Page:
We’ve Been Quietly Learning Korean. We Just Completed Our First Semester of Studying 한국어
If life were like Civilization V, this is the point in which King Sejong the Great would be getting the message from President Obama, “My people are buying your blue jeans and listening to your music.” The Kennon-Green household has given into the 한류. First, though, we need to back up so you have some context.
Many of you know about our shameless, on-going addiction to the insanity that are Korean dramas. I’ve told you about some of them in the past. Harvard-educated aliens falling in love with actresses. Secret birth histories that somehow end up involving stockholder meetings and inheritance fights. Freaky-Friday-style body switching. Time-traveling princes who have life-threatening allergic reactions to crab. They have everything. We fell in love with the language so much that we decided we didn’t want to deal with the sub-titles so in the midst of all of the other things we had going on in our lives, we restructured our almost non-existent free time to devote it to learning to speak and write Korean. Several months ago, we enrolled in Korean classes here in Kansas City. Once a week, we travel to the Korean Institute where we have a two-hour language class followed by a half-hour culture class where we learn about various aspects of Korean society and history. Only, we ended up not doing it alone, we talked my mom, my dad, one of my sisters, and my mother-in-law into going with us. If my other sister lived nearer, we’d have had her in it, too. (For my parents, it wasn’t hard because they also love Korean dramas but actually do significant amounts of business with Korean-based companies so it’s a fantastic expansion of their skill set that can benefit their businesses.) That way, we can all practice together.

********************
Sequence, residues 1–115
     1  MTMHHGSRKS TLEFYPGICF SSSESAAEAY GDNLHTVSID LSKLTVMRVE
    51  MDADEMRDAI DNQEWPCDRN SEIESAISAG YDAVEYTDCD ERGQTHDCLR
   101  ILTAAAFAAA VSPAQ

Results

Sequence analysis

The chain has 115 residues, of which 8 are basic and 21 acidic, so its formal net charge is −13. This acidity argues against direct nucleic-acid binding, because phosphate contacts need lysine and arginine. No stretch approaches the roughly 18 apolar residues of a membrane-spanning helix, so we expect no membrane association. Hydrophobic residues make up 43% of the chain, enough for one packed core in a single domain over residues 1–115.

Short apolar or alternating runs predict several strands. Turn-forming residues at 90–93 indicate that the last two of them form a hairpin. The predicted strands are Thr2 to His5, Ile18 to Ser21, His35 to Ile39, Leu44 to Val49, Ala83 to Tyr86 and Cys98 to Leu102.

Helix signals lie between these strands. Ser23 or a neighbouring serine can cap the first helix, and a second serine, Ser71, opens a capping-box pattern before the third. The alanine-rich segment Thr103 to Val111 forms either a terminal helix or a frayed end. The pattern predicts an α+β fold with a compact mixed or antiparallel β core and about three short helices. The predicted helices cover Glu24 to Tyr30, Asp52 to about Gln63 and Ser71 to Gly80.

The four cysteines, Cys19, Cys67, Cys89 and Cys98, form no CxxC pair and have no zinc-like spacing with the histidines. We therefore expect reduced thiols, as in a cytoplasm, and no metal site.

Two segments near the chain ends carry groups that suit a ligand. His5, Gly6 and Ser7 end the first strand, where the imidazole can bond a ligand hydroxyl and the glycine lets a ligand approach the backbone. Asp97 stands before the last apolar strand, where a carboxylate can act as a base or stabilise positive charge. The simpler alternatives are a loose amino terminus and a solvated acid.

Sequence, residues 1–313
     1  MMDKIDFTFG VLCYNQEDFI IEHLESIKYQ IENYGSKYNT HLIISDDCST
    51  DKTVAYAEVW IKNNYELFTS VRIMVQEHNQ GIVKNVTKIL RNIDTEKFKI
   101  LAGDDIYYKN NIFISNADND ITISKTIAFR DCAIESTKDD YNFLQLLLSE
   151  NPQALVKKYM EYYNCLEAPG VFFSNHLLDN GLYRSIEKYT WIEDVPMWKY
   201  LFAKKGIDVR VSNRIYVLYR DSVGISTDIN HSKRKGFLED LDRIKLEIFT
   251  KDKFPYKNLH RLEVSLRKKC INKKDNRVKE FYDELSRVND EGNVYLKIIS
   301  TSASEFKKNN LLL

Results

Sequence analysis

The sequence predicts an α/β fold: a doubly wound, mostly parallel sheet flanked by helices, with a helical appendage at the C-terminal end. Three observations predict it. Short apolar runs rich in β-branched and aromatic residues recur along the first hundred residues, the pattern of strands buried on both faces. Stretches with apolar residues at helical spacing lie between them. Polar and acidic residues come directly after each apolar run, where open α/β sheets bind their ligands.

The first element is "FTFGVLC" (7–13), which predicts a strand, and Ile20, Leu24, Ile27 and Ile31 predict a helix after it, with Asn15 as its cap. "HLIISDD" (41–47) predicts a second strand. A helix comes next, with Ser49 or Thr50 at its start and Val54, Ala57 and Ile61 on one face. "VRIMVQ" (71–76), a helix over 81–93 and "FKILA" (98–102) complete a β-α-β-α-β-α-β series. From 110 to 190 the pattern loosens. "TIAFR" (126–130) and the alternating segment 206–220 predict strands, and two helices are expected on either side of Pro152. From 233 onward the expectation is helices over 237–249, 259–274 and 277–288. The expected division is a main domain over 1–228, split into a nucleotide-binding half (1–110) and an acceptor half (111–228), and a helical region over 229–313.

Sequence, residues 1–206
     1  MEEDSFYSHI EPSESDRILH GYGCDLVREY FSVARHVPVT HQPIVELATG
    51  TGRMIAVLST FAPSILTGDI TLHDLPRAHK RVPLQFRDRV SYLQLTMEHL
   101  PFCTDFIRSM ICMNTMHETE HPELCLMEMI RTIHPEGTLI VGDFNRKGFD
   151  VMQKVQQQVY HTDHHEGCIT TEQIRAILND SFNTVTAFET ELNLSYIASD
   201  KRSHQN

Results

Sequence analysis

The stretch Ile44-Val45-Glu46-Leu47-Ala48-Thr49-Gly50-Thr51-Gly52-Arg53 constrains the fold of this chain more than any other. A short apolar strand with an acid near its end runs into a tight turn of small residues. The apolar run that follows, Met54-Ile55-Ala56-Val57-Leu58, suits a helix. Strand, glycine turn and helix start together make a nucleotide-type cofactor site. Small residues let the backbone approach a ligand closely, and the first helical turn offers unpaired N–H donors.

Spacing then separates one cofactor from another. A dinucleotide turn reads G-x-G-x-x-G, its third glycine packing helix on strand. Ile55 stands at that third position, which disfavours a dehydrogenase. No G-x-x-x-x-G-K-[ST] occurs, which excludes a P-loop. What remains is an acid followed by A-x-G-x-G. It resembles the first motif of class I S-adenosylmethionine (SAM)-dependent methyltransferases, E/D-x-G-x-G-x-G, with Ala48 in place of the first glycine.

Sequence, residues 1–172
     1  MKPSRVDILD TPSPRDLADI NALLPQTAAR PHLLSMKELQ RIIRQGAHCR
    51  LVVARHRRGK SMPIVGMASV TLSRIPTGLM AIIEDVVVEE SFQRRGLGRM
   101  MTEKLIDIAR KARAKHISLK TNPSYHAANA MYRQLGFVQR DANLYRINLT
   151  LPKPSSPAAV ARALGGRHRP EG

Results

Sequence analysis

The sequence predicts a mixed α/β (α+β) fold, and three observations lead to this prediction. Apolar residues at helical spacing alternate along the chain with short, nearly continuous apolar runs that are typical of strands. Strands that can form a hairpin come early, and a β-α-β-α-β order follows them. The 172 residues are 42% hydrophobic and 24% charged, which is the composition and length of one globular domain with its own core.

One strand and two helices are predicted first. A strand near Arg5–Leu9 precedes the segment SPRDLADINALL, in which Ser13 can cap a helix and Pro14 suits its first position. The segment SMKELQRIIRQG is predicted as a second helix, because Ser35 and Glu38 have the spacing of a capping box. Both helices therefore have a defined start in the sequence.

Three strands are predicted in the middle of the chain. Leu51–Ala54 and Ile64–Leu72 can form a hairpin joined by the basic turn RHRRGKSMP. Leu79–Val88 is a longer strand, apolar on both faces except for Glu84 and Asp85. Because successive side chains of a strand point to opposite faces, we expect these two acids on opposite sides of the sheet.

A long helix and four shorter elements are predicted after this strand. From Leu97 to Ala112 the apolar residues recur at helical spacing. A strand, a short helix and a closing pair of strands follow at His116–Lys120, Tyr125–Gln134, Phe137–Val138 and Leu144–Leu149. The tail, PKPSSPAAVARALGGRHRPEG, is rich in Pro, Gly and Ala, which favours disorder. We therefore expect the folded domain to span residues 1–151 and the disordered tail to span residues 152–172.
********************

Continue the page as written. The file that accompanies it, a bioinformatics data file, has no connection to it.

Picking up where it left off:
The experience has been wonderful in no small part because of our amazing 선생님. She decided she was going to teach us phonetically so we could read first without knowing any of the meanings of words, which is how I learned English as a child so I’m thrilled with that approach. She assigns us lots of homework and makes it fun, often tying lessons to songs or physical movements. We are so blessed to have her as a teacher because she has a gift for teaching. My whole family adores her.